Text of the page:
By comparison, orthokeratology (OK) appears to decrease accommodative lag slightly.6 The issue with this patient, though, is that monocular OK won't be likely support accommodation by decreasing lag in both eyes; not as consistently as a spectacle lens add - one study has shown a reduction in accommodative lag by an average of 0.39D per 1D increase in lens add power, although there is much individual variation.7
Why does managing BV matter? When the eyes have unequal accommodation demand, the eye which requires the least accommodative effort to maintain clear focus of the target will control the accommodative response in both eyes. The other eye will experience blurry images, and this retinal defocus can stimulate myopia progression.8
In the case of this patient it seems the over-accommodation of the R eye to deal with latent hyperopia has led to pseudo-myopia in the R eye and excess (pseudo) myopia in the L eye. This has led to blurred distance vision in the L eye and potentially could have contributed to additional myopia progression. Hence, addressing the binocular vision issues is key to the overall patient management and L eye myopia management strategy.
Take home messages:
- When refracting complex cases such as this, the cycloplegic retinoscopy result provides the end point or goal refraction, but the starting point may be more likely the subjective refraction. Fogging the contralateral eye for subjective refraction helped to improve acuity.
- In cases where one might want to slowly change a prescription over time, contact lenses are a good option, but in this case management of the binocular vision disorders may lend themselves more to spectacle correction - primarily by providing a stronger 'add' effect at near.
- The interaction between binocular vision function, refraction and acuity is highly important in firstly determining the management strategy and secondly managing refractive changes over time - this being myopia management for one eye and potential emmetropization for the other eye.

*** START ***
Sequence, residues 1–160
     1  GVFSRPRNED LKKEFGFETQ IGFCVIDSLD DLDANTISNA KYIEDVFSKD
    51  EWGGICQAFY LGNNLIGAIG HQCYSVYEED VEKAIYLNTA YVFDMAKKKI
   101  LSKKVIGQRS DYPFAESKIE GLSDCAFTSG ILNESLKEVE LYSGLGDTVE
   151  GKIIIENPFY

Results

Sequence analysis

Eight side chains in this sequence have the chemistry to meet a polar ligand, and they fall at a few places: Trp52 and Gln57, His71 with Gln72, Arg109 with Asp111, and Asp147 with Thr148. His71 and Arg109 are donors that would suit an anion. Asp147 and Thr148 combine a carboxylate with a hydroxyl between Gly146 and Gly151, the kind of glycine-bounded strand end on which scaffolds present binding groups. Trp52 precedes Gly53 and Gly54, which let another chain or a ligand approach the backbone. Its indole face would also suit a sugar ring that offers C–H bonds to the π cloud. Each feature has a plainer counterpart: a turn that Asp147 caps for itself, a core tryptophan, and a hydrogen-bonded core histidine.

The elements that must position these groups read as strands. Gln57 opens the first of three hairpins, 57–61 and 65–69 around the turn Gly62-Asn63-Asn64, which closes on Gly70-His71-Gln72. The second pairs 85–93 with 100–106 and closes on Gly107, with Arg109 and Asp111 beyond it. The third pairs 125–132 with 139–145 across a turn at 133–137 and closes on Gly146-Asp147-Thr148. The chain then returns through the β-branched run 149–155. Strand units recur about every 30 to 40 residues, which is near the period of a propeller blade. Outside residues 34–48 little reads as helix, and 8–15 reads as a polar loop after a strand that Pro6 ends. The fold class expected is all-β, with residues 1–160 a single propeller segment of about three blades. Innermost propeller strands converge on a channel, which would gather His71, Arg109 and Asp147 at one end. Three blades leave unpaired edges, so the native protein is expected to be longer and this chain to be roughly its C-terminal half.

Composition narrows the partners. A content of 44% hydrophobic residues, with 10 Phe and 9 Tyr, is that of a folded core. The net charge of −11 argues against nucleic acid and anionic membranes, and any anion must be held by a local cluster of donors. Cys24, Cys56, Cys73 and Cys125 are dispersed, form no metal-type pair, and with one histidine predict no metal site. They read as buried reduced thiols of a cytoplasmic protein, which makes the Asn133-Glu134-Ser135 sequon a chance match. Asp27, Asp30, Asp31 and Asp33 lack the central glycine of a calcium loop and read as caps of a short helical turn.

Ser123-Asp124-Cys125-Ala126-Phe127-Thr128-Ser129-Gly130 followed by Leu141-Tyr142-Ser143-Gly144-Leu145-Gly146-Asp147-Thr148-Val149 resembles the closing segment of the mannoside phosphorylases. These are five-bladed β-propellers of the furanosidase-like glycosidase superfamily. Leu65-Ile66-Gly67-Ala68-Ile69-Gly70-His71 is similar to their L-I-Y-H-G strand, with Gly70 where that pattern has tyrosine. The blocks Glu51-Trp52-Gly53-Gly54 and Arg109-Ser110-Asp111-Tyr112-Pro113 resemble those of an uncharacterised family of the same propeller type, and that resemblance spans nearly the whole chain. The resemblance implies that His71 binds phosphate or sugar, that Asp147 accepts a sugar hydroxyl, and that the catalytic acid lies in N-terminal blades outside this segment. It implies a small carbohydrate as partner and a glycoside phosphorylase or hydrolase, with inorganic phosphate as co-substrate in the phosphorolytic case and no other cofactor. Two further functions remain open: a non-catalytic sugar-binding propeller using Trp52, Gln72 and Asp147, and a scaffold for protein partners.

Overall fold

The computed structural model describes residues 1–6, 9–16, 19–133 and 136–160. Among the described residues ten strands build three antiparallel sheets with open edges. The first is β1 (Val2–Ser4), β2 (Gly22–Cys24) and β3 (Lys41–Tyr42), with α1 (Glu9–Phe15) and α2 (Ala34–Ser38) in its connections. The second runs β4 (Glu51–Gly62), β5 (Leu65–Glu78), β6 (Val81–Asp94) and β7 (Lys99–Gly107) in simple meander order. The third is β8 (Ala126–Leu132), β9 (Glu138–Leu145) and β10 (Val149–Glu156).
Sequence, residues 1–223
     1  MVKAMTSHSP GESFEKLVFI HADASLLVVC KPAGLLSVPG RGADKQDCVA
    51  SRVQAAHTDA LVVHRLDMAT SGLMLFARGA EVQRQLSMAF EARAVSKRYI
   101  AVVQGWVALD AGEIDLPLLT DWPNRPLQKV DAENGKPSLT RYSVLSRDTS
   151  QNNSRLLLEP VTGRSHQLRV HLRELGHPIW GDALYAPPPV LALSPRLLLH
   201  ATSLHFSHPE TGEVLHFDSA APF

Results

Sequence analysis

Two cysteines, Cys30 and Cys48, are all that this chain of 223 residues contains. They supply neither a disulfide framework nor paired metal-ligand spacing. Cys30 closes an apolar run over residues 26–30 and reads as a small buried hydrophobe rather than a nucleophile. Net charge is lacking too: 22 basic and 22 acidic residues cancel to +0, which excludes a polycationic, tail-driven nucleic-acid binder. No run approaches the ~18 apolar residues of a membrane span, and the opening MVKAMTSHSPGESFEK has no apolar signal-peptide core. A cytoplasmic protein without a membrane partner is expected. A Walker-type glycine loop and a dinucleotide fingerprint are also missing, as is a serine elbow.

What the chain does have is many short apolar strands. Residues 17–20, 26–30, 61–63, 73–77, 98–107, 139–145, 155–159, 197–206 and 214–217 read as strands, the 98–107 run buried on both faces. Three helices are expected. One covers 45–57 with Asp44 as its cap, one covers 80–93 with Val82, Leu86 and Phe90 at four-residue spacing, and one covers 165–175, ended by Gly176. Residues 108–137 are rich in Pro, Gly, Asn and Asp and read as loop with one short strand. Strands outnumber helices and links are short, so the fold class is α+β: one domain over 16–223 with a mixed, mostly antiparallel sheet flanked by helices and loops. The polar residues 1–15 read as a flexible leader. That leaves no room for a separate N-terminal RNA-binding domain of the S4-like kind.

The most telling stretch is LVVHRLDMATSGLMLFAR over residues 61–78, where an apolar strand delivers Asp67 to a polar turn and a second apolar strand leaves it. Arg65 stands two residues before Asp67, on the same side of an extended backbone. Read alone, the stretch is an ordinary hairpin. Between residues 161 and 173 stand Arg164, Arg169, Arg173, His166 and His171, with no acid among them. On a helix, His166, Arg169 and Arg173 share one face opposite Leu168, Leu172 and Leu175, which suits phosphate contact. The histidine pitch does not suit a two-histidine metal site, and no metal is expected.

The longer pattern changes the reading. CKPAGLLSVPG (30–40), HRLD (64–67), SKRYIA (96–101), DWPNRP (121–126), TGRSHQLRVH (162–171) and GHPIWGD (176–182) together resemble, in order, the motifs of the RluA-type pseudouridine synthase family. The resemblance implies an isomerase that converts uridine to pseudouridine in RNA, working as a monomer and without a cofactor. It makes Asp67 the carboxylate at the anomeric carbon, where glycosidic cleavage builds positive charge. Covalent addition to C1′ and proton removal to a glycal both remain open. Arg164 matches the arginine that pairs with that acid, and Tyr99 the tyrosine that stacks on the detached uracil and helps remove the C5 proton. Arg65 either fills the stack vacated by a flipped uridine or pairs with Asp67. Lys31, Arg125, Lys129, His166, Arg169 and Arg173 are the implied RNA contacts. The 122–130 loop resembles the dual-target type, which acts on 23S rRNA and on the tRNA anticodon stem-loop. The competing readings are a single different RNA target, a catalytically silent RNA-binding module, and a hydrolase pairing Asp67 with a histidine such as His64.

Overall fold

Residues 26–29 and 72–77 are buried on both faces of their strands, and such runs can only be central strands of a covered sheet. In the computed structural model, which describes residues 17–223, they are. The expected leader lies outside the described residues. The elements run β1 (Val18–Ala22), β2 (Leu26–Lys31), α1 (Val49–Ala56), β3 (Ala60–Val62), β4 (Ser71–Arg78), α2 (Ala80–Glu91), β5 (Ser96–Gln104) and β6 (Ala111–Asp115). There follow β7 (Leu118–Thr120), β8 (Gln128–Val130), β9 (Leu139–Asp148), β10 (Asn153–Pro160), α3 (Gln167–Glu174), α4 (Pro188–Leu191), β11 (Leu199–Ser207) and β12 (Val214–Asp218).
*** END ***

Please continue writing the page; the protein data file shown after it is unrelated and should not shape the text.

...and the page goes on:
- In complex cases like these, the discussion and suggestions by colleagues above shows that there's no one 'correct' way to proceed, and numerous good ways to start. There is a balance to be struck between managing binocular vision, ametropia correction and myopia control with the ultimate goals of achieving comfortable vision for the patient in the short term, and reducing the eye health risk of myopia progression in the longer term.
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- Cheung SW, Cho P, Fan D. Asymmetrical increase in axial length in the two eyes of a monocular orthokeratology patient. Optom Vis Sci. 2004;81(9):653-665. (link)
- Tsai WS, Wang JH, Lee YC, Chiu CJ. Assessing the change of anisometropia in unilateral myopic children receiving monocular orthokeratology treatment. J Formosan Med Assoc. 2019;118(7):1122-1128.(link)
- Gong CR, Troilo D, Richdale K. Accommodation and Phoria in Children Wearing Multifocal Contact Lenses. Optom Vis Sci. 2017;94(3):353-60. (link)
- Kang P, Wildsoet CF. Acute and short-term changes in visual function with multifocal soft contact lens wear in young adults. Cont Lens Anterior Eye. 2016;39(2):133-40. (link)
- Gifford KL, Schmid KL, Collins J, Maher C, Makan R, Nguyen TKP, et al. Accommodative responses of young adult myopes wearing multifocal contact lenses. Invest Ophthalmol Vis Sci. 2019;60(9):6376. (link)
- Gifford KL, Gifford P, Hendicott PL & Schmid KL. Zone of Clear Single Binocular Vision in Myopic Orthokeratology. Eye Contact Lens 2020;46:82-90. (link)
- Cheng D, Schmid KL, Woo GC. The effect of positive‐lens addition and base‐in prism on accommodation accuracy and near horizontal phoria in Chinese myopic children. Ophthalmic Physiol Opt 2008;28:225-237. (link)
- Charman WN. Aniso‐accommodation as a possible factor in myopia development. Ophthalmic Physiol Opt. 2004;24(5):471-479. (link)